Letters to the Editor: Elon Musk’s behavior and other reasons for slowing EV sales

Electric vehicles charge at a Tesla Supercharger station in Santa Monica in 2022.
Electric vehicles charge at a Tesla Supercharger station in Santa Monica in 2022.
(Myung J. Chun / Los Angeles Times)

To the editor: I just purchased a Hyundai Ioniq 6 electric vehicle. While I feel the Tesla Model Y is an exceptional value for an electric SUV, I simply could not buy a Tesla product because its chief executive, Elon Musk, is such a toxic public figure. (“California EV sales are falling. Is it just temporary, or a threat to state climate goals?” Feb. 15)

Also, it infuriates me that he criticizes California (and moved his headquarters to Texas) even though Californians are his bread and butter.

I would add that the EV dealers themselves undermine sales with incredibly high markups that add to already expensive products. Tesla, to its credit, doesn’t have obnoxious markups, just an obnoxious leader.


The Ioniq 6 is simply the best car I’ve ever bought. Once the charging network issues are resolved, and there is price parity with gas-powered vehicles, EVs will dominate the car industry and help us achieve our emission reduction goals.

George Garcia, Long Beach


To the editor: Five years ago, I bought a Tesla Model 3.

I am not a fan of Musk’s morbid wealth, politics or wacky personality, but I am a fan of EVs that help the environment because they produce less pollution than vehicles that run on gas. This is true even though much of our electricity is still generated with fossil fuels.

Affordable EVs and more charging stations will attract future consumers. Anything the government can do to improve or streamline the process will help.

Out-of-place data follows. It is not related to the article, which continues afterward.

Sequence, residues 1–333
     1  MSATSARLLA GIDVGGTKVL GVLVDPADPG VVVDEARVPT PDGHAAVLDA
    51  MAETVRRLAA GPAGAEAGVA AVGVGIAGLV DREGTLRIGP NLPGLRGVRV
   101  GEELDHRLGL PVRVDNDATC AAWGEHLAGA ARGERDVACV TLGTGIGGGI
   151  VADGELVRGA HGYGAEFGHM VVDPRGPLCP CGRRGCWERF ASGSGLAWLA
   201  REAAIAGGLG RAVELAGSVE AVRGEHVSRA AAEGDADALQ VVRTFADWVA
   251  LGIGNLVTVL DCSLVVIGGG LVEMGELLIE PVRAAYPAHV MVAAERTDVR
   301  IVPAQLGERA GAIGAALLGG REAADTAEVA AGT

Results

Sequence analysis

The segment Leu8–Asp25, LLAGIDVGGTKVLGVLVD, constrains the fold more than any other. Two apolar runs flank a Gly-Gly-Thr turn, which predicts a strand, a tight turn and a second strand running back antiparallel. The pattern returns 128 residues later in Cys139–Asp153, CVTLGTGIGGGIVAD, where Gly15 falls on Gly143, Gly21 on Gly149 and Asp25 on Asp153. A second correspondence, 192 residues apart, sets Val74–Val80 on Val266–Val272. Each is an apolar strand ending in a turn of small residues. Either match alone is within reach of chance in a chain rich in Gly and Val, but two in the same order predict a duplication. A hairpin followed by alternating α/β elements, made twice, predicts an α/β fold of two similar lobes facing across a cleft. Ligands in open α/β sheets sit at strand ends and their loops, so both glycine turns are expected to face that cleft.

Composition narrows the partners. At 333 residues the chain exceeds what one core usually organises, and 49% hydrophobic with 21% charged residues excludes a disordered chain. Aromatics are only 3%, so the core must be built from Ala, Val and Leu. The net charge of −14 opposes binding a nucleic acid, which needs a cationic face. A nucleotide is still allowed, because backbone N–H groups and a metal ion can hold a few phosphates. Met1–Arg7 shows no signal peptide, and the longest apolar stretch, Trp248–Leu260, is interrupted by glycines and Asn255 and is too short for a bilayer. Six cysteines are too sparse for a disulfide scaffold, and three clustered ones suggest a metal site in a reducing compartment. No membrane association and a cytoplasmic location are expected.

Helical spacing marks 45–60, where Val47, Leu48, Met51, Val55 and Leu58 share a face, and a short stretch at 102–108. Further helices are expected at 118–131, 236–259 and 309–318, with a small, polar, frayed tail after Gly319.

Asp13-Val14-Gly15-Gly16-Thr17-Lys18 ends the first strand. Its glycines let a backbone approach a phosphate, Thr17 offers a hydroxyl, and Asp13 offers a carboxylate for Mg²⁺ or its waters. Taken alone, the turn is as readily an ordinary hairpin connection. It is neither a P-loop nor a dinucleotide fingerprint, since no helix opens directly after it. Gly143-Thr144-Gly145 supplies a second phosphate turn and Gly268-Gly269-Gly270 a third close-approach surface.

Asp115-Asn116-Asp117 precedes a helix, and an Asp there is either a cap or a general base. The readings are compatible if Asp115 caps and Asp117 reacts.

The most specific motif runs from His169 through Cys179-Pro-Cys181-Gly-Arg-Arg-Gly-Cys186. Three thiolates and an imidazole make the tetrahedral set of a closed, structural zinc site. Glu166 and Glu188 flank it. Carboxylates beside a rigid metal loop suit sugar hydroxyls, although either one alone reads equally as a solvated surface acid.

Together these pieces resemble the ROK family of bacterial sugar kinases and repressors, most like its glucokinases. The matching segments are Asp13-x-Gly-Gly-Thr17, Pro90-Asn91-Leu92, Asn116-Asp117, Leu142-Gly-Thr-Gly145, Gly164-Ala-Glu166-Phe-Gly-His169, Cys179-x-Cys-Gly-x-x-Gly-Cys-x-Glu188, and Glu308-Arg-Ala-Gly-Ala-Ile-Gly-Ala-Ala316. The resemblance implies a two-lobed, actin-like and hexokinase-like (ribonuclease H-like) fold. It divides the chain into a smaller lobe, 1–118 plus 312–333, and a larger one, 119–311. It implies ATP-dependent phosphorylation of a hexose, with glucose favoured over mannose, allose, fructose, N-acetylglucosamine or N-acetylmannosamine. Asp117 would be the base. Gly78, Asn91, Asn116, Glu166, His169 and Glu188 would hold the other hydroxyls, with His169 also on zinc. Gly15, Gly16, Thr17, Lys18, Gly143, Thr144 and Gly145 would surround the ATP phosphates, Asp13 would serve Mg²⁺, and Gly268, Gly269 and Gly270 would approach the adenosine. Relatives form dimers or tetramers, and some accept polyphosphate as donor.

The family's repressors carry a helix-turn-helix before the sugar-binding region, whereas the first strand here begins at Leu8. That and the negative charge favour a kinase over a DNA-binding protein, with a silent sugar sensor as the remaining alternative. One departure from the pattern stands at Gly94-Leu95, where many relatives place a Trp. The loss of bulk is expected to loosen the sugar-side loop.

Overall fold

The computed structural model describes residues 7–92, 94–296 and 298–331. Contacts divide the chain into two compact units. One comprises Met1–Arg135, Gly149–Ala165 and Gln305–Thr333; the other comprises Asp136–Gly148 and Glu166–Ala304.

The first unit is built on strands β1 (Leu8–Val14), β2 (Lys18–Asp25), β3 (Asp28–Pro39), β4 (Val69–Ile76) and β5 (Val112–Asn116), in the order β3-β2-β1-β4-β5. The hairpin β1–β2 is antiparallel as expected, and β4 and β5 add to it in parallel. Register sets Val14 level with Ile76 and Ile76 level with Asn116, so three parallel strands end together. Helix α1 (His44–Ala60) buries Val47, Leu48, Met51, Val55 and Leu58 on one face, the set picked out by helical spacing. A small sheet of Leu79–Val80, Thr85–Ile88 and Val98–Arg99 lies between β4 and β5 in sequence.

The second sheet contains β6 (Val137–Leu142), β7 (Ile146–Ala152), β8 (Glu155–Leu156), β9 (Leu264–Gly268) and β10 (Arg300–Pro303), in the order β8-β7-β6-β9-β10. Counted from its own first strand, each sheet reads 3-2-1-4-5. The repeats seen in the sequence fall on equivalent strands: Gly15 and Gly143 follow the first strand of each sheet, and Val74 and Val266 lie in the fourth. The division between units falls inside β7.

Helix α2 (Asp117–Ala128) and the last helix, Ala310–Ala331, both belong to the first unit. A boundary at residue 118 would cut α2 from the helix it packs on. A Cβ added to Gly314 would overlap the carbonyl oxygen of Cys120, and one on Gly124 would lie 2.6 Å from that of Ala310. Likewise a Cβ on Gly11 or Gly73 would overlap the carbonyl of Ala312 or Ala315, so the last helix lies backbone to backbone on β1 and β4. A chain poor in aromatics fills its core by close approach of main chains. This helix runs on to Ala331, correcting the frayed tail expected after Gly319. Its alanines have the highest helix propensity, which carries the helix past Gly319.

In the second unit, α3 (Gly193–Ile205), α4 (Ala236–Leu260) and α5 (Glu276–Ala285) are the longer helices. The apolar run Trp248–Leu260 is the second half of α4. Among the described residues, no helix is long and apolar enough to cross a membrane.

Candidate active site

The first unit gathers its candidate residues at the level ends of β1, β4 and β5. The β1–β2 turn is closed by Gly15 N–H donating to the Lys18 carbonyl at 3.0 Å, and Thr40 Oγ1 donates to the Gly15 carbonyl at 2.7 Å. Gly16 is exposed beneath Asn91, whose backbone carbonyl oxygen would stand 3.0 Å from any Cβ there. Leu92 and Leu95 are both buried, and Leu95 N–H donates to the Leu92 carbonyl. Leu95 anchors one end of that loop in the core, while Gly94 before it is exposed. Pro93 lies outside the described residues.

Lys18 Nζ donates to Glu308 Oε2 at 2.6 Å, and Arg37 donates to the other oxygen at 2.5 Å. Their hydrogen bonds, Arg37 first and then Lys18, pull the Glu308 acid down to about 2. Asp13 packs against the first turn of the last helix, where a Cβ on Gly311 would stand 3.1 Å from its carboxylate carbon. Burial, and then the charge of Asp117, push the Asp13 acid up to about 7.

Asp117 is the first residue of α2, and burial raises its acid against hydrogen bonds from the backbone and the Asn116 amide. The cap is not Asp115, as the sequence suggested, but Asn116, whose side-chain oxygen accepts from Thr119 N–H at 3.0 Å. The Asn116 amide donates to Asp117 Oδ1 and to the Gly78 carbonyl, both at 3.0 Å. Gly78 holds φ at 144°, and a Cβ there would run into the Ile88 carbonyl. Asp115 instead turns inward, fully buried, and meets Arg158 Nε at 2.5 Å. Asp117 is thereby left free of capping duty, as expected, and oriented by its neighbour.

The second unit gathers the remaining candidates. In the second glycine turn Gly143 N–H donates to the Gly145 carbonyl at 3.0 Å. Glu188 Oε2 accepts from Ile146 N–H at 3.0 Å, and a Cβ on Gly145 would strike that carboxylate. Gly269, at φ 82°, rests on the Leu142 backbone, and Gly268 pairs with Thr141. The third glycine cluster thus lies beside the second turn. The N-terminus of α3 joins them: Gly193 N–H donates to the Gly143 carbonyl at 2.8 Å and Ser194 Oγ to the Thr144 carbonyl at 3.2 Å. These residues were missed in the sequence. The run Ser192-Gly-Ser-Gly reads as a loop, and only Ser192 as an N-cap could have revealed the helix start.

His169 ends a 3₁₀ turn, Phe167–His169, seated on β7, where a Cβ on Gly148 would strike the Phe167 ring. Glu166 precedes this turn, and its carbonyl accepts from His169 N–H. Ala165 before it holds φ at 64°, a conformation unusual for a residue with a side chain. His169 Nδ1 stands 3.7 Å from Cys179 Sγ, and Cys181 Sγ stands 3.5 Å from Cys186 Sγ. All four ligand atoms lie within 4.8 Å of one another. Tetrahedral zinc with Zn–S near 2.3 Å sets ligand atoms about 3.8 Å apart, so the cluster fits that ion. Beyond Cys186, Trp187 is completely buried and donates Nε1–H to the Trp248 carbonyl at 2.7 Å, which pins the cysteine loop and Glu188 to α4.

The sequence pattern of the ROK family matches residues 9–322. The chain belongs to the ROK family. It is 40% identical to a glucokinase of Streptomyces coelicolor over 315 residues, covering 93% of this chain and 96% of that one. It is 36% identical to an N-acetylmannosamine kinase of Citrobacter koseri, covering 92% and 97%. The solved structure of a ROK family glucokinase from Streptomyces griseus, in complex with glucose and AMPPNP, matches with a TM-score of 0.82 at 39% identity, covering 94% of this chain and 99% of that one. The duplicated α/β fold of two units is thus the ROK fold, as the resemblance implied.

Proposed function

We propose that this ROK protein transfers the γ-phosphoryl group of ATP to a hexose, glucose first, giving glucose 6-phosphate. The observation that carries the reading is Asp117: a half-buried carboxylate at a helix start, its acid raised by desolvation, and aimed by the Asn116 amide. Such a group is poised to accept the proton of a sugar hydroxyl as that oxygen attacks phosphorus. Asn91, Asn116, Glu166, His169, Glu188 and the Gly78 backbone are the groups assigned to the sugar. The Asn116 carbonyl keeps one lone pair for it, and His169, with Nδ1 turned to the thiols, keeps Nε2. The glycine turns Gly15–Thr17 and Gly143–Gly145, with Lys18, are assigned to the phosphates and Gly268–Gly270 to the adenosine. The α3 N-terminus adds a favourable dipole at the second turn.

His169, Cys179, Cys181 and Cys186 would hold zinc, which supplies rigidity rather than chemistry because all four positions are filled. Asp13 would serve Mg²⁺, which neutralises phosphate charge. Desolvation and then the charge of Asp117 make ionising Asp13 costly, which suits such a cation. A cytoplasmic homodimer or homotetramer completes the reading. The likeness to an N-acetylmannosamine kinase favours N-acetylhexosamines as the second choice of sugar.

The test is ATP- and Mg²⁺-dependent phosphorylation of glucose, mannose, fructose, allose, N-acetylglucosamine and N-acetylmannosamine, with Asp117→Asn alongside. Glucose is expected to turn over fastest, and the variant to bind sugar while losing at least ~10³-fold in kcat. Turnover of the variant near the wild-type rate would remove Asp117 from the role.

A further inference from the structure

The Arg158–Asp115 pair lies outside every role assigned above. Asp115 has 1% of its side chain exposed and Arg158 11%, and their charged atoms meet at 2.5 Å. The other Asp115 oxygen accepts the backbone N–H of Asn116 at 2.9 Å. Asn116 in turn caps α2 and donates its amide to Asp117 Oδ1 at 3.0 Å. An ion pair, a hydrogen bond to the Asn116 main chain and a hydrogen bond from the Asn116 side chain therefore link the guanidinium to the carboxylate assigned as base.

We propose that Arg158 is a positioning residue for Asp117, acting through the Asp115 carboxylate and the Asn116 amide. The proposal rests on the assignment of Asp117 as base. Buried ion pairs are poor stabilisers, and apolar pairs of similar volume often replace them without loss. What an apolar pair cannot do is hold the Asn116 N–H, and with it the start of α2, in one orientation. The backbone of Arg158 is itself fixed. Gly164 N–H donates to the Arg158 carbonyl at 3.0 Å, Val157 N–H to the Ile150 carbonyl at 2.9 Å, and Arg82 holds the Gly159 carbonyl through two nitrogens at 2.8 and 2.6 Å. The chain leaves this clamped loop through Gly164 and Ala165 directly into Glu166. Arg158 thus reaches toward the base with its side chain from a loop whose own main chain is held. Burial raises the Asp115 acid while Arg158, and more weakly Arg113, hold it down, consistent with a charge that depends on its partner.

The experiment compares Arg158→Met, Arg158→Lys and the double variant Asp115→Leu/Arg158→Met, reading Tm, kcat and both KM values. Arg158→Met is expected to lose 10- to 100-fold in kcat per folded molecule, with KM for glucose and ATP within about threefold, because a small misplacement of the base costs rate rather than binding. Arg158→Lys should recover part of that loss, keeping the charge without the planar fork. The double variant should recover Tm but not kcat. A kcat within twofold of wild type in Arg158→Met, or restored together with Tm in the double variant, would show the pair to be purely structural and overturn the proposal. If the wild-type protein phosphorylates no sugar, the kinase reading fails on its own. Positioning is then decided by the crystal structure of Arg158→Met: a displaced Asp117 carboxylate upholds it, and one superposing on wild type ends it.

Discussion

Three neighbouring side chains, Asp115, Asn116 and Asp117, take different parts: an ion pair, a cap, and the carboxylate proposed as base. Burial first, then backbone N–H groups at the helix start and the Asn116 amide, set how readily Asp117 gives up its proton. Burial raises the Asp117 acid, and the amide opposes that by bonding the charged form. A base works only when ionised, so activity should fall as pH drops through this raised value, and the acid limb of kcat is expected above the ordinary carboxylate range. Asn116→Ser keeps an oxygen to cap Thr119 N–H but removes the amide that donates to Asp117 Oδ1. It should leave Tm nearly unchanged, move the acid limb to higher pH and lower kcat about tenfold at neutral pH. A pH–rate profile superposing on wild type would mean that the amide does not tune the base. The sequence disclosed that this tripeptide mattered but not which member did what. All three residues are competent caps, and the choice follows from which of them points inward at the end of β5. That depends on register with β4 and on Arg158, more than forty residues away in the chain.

Carol Stansbury, Torrance


To the editor: My next car will likely be an EV, but I have postponed the purchase for these reasons:

  • Plug compatibility. Europe and many countries have a standard plug, but not the U.S. Manufactures are slowly converting to Tesla’s plug for the U.S. market.
  • Reliability. It takes a few years to work out the bugs in new technology.
  • Lack of fast-charging stations.
  • Lack of affordable cars. Manufacturers are selling their larger, higher-priced EVs here while offering lower-cost models abroad.

Countries like Norway have made it easy for people to purchase and use EVs. The U.S. needs to do the same.


Alan Coles, Long Beach


To the editor: My husband and I have an electric pickup truck that we use to tow a travel trailer. If we need to stop to charge, we first have to find a place to disconnect the trailer, then drive to the charging station, then drive back to reconnect the trailer before continuing on our trip.

Our last trip from Palm Springs back home to Ventura took 13 hours. At our planned stop to charge, all six chargers were offline. I stayed in the trailer with the dogs while my husband ended up visiting four other charging stations.

He could get only an 80% charge, which necessitated making another stop.

Linda Millstone, Ventura


To the editor: The quote in this article that the “government and automakers have spent billions of dollars on something that consumers may not want” was truly depressing.


The question is, do consumers really want the alternative, the worsening floods, fires and droughts that come with climate change?

It is clear to us as EV owners that the problem is the lack of reliable charging stations and the anxiety that this causes drivers. Cost is not the issue. By eliminating the cost of gas and significantly reducing maintenance over the lifetime of your vehicle, EVs such as the Chevrolet Bolt are actually cheaper than fossil-fuel cars.

If California wants to live up to its climate promises, it must ensure that the necessary infrastructure is built as quickly as possible. This is not a choice. It is the only option if we want a livable planet for future generations.

Leslie Simon and Marc Bender, Woodland Hills